mom_of_three 11 years, 8 months ago

Buffett also said, according to ABC News, that the money given to the Gates Foundation must be spent in the year it is donated. So there may be lots of help out to those who need it.
Maybe next time Warren Buffett is at KU, someone could suggest sharing the wealth with those who need, or a short term low interest loan. Let me know, I would like to be in the vicinity to hear the answer. But he is a very generous man.

Christine Pennewell Davis 11 years, 8 months ago

I still same DAMN my mind can not grasp that much $$$$$ and just say here you go. DAMN

paladin 11 years, 8 months ago

Sounds like he's sheltering his fortune, not giving it away. Just like Bill did.

Godot 11 years, 8 months ago

Interesting maneuvering. Both Gates and Buffet oppose the elimination of the death tax. Yet they have both avoided the 50% tax on their billions by "gifting" their fortunes to a behemoth of a charity, one that they conveniently control, and that will not pay taxes. Sounds like they have themselves an entity that could, one day, rival the US government in power and influence.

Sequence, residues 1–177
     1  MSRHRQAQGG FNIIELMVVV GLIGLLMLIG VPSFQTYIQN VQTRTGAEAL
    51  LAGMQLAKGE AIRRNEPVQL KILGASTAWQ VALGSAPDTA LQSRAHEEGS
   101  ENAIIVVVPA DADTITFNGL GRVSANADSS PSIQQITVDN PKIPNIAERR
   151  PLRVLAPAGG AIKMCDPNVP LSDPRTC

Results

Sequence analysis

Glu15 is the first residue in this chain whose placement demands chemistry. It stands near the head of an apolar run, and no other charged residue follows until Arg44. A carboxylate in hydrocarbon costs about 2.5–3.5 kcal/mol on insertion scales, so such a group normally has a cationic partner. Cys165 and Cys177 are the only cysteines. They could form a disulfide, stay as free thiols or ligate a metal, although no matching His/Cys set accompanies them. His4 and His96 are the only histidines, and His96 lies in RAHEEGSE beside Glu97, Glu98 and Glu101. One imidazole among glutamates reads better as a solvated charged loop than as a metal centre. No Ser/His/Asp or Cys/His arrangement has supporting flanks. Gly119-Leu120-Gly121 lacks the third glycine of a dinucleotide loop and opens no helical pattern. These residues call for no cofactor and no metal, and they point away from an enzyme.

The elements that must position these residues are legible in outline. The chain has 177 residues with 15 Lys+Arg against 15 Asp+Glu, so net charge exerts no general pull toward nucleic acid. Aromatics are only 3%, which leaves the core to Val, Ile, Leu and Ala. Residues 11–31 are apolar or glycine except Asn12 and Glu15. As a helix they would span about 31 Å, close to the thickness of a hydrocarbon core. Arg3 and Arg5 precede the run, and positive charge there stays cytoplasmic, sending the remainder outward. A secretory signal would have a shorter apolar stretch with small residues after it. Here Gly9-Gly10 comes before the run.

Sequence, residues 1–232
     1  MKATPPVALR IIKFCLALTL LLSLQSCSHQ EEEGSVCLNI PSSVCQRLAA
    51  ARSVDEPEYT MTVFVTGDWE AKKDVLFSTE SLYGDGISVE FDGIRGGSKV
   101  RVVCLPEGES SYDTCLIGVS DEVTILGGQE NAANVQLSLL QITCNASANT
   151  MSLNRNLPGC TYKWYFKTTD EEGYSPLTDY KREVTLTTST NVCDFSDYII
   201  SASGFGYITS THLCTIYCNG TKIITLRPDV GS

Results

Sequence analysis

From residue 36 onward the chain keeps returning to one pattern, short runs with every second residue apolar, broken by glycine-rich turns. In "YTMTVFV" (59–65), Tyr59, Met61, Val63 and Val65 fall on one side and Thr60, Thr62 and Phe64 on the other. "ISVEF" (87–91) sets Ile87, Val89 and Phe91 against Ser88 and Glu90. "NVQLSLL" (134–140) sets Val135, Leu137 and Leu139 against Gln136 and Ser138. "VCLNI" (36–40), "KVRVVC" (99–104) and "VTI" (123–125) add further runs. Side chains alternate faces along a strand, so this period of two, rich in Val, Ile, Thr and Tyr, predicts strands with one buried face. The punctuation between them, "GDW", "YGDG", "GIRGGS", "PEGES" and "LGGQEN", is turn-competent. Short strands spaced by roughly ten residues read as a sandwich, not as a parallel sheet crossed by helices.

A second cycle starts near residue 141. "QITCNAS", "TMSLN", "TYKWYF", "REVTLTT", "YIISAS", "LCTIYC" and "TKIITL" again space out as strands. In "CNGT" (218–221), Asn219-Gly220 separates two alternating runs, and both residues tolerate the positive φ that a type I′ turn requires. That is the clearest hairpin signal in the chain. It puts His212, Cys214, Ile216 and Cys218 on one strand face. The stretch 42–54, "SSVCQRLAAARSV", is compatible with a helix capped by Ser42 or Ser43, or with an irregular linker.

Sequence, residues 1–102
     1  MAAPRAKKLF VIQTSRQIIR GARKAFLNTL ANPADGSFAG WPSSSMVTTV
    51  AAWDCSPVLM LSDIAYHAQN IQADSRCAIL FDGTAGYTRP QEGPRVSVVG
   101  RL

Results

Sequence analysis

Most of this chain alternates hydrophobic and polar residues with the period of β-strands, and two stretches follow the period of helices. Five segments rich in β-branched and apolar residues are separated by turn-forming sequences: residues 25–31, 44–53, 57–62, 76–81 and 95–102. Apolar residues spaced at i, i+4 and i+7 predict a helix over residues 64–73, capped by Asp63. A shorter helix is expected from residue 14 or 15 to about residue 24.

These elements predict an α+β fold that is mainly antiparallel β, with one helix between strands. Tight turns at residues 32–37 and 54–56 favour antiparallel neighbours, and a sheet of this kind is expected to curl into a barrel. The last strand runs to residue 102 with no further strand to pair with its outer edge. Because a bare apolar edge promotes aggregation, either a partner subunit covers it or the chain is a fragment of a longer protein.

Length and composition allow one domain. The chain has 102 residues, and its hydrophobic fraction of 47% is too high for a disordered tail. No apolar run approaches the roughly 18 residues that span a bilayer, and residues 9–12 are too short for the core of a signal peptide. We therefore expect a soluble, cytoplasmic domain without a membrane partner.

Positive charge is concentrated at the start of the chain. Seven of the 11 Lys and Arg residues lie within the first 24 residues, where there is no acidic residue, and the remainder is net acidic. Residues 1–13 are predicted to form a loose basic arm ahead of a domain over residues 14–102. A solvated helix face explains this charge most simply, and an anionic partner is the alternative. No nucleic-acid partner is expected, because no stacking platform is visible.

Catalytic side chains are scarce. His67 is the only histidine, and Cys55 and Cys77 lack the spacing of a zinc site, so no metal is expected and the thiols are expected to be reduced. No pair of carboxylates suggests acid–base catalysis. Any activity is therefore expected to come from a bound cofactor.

just_another_bozo_on_this_bus 11 years, 8 months ago

One result of repealing the estate tax is that it will drastically reduce charitable giving by the very wealthy.

Godot 11 years, 8 months ago

That may or may not be true. I am sure that both Gates and Buffett would deny that their gifts were motivated by tax avoidance; they are passionate about their charity. Buffett has a very good argument that what you say is not true: if he were to not make the gifts, his estate would total $20 billion, after paying $24 billion in taxes. Under his current gifting plan, after paying taxes on the remaining $6.6 billion, there will be "only" about $3 billion left for his heirs...assuming he has not made other arrangments that would reduce his tax bill.

Christine Pennewell Davis 11 years, 8 months ago